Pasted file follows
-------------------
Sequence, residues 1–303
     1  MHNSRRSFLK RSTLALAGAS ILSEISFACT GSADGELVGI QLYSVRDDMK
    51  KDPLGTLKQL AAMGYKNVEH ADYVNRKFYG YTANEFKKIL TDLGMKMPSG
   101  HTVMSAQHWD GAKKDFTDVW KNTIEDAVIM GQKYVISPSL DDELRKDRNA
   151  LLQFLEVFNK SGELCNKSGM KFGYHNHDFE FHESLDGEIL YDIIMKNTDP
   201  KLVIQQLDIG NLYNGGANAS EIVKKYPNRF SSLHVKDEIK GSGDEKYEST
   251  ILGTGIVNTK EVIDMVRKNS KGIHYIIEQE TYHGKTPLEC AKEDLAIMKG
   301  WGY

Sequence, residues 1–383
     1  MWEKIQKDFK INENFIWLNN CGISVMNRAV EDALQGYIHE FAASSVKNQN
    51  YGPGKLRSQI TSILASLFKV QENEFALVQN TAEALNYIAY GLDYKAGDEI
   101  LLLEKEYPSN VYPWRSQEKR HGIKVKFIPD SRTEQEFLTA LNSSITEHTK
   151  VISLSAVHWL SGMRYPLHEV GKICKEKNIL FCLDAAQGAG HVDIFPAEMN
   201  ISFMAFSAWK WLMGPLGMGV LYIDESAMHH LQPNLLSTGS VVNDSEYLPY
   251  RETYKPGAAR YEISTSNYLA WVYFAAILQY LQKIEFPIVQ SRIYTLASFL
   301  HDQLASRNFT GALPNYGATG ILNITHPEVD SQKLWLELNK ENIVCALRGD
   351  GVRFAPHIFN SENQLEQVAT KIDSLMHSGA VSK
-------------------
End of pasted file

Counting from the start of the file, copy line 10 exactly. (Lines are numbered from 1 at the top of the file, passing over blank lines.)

     1  MWEKIQKDFK INENFIWLNN CGISVMNRAV EDALQGYIHE FAASSVKNQN